-Always carry loo roll. Aka toilet paper. Omg you have NO idea how important this is! SO MANY restrooms in developing countries do not use western toilets, instead they use squat toilets (which is basically a hole in the ground and you need excellent aim!) So toilet paper will be scarce, if present at all, in these places. Carry it with you in your day pack, you will always have a happy tush. Also, great for blowing your nose, wiping up spills, cleaning your hands, removing makeup ….


How to keep your stuff safe

After you have packed everything, it is important to keep all that stuff safe. Padlocks and PAC safes are great, but there are also some other precautions you should take.

-Never ever put important stuff in your large checked luggage! Ever! The only things that belong in there are clothes, toiletries, and things that you can do without! No money! No cameras! No chargers for your laptop! NO LAPTOP! No passports! Nothing that is worth a sizeable amount of money.

-Once on the train, don’t let anyone on the train touch it! Sure, there are lots of nice people out there who just want to help you lift your luggage onto the luggage rack, and that is awfully kind of them. But there are also a lot of thieves. Seven years ago, I was taking a train from Venice to Nice, when an Asian couple who didn’t speak English, Italian, or French got on the train with their huge suitcases. A man offered to help them put them up top in the rack, so the Asian man handed him his suitcase, turned to get his wife’s suitcase, and the friendly stranger took off with his bag. He ran off the train, down the platform, and disappeared into the crowds. The couple stood there stunned for a bit, and really none of us knew what to do. And the man had stupidly put his money and his passport in his suitcase. That theft wasn’t his fault, of course, but I never let anyone touch my bags. I hoist my own bags up onto the racks and politely refuse help. Plus, I got muscles so I don’t need help. You should feel my muscles. FEEL.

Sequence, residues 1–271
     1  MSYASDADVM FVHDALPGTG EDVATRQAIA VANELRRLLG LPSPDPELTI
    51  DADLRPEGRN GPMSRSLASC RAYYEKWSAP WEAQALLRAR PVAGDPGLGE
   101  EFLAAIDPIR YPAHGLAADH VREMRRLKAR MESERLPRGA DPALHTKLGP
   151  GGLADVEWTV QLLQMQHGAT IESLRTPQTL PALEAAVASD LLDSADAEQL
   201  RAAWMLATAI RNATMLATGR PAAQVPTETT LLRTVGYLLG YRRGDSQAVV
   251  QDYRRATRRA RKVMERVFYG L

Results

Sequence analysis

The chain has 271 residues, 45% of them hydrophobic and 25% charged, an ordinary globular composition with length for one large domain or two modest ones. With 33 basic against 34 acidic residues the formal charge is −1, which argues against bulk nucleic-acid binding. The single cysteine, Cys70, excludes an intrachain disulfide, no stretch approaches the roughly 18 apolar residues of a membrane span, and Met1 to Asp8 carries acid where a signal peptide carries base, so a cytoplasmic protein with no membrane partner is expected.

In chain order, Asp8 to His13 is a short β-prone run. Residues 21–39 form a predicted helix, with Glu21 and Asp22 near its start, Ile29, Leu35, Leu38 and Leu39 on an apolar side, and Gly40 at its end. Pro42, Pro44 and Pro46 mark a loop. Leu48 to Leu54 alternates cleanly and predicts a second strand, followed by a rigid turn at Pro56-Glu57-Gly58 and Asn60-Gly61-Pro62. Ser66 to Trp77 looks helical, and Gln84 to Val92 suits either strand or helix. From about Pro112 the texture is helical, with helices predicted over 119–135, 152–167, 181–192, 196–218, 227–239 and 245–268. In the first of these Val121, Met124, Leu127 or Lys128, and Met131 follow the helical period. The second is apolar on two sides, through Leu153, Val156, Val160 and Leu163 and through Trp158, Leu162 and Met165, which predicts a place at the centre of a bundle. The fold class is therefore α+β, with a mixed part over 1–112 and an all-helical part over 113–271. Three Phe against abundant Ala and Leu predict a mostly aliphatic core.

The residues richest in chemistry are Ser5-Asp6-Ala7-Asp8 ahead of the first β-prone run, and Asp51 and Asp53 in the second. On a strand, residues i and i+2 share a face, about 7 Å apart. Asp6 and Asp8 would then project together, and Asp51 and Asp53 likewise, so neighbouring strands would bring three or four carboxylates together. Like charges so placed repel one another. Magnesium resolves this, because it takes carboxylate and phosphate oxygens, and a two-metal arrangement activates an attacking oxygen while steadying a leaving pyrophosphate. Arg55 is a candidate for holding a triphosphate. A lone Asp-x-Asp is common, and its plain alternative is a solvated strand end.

-Prey app. This is a great new app that I only found out about a few months ago and immediately downloaded onto my iPad. If your laptop or phone is stolen, usually there is very little you can do. Sure, if you have an Apple product, you can activate the “find my phone” security app, but it’s not precise. The Prey App, on the other hand is WICKED PRECISE. Once your stuff has been stolen, you log into your account from another computer to activate the app. It runs invisible in the background so the thief doesn’t even know its there. It uses the device’s camera to take photographs of the thief and send them to you. It records every key stroke too and sends it to you, so as soon as they log into their email, their Facebook, or whatever, you have their names, their usernames, their passwords….and if you are patient, you may even find their addresses and date of birth somewhere in their accounts. Armed with all this information, you can take this to the police (make sure you filed a police report when the device was stolen), and get your stuff back, plus have the thieves put behind bars. Read this mans account of having his MacBook returned to him after using the Prey App!

-Finally, a word about your Eurail pass. You paid good money for that pass and if you lose it, it could really interrupt your travel plans, not to mention your mood! Treat your Eurail pass like money! Keep it safe and don’t let anyone near it! Don’t flash it around, and keep it in a hidden compartment in your carry-on bag. Or do like I do, keep it in your money belt under your clothes.


Here’s how I spent my money today: